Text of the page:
What Causes Eczema to Flare Up?

Table of Contents
View All
Table of Contents

Eczema is a group of related skin conditions. The most common, also called atopic dermatitis, can cause intense itching, red or darkened areas of the skin, swelling, rashes with fluid-filled blisters, and scaly plaques of skin.

Eczema can flare up when someone is exposed to triggers, which vary from person to person. However, if you know what your triggers are, you can help get control over them. Here's what to know about eczema flare-ups and how to track down your triggers to help prevent and manage them.

Person scratching when having an eczema flare

Pheelings Media / Getty Images

What Is an Eczema Flare-Up?

Eczema is the medical term for certain skin conditions in people with dry, sensitive skin that tends to get very itchy and develop rashes. Eczema usually comes and goes. When it becomes active, it's called a flare-up.

A flare often occurs in response to a trigger, which may be an allergy, irritant, emotional state, or environmental condition. The itching can be very intense, making it hard not to scratch, but scratching makes it worse. The itch-scratch cycle can lead to skin damage or infection and make you miserable.

What Triggers Eczema Flare-Ups?

A long list of factors can trigger an eczema flare-up, and they differ from person to person. Sometimes you can get ahead of flares or shorten them by avoiding triggers or stopping your exposure to them as quickly as possible. Here are some of the more common triggers for eczema flares:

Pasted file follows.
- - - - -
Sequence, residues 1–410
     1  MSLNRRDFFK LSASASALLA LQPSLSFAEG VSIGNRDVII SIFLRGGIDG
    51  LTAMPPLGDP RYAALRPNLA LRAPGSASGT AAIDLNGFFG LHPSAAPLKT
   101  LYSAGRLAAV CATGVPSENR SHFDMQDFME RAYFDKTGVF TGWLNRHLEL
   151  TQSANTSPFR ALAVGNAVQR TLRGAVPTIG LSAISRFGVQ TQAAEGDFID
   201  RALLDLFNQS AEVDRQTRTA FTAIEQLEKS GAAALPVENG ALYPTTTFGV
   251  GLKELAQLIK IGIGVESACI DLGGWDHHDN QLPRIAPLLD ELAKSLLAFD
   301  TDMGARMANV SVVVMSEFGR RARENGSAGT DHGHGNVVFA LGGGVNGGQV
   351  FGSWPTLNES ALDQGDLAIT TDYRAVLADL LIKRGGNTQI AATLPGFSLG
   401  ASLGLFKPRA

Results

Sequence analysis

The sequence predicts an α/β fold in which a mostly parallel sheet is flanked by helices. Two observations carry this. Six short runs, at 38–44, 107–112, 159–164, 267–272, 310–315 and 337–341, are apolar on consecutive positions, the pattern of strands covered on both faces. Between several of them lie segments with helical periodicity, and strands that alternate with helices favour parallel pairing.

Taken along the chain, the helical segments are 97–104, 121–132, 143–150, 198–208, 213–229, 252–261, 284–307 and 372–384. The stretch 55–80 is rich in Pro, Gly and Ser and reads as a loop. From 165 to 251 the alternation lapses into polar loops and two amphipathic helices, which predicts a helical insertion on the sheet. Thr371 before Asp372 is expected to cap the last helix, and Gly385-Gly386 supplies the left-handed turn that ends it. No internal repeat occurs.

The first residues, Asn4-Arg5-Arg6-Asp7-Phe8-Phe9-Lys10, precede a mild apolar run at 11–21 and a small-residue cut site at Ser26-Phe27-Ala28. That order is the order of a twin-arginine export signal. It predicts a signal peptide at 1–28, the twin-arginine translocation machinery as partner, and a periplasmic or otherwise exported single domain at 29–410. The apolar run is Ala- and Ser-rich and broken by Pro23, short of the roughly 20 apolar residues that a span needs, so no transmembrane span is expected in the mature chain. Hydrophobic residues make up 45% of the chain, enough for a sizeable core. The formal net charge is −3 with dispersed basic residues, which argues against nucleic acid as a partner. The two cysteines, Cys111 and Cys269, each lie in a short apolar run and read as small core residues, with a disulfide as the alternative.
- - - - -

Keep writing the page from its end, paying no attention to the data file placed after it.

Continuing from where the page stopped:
Stress

Physical stressors such as illness or surgery and psychological stressors can trigger eczema flare-ups. When a person has physical or psychological stress, the body releases hormones, including cortisol.

Cortisol usually has an anti-inflammatory effect, but if it stays at a high level, the body becomes resistant to it. That allows the release of substances that cause inflammation. That can lead to an eczema flare-up.

Allergies

An allergic reaction is when your body's immune system overreacts to certain substances that are not normally dangerous (allergens). For some people, an allergy can make eczema worse.

Skin affected by eczema can be dry and sensitive. In people with an allergy, exposure to an allergen can lead to more skin symptoms.

The allergens may be in the environment like pet dander, dust mites, or pollen. Some people are allergic to metals like nickel. For some people with eczema, a food allergy can lead to an eczema flare when they eat that food.

Irritants

An irritant is different from an allergen because the inflammation is a response to something touching your skin rather than a systemic immune reaction. Many substances can cause this form of eczema, also called contact dermatitis. Some of the more common irritants include:

  • Cleaning agents like detergents and soaps, especially with fragrances
  • Lanolin, made from sheep fur and found in cosmetics and creams
  • Sulfates found in cleaning products that break down oil
  • Urea, which is often found in skincare products
  • Latex rubber
  • Synthetic fabrics like polyester
  • Rough fabrics like wool
  • Chemicals in the workplace including epoxy resins and formaldehyde

These potentially irritating substances can be found in many items you may frequently use, like cleansing and cleaning agents, cosmetics, clothing, bedding, jewelry, and furniture.

Environmental Conditions

Some eczema triggers are all around you. They include:

  • Changes in seasons
  • Extreme weather
  • Very dry conditions
  • Very humid conditions
  • High altitudes, where the air is usually drier
  • Long exposure to hot water (like long baths or showers)
  • Chlorinated water
  • Salt water
  • Yeast (Malassezia species) that is normally on the skin but can cause a flare
  • Cigarette smoke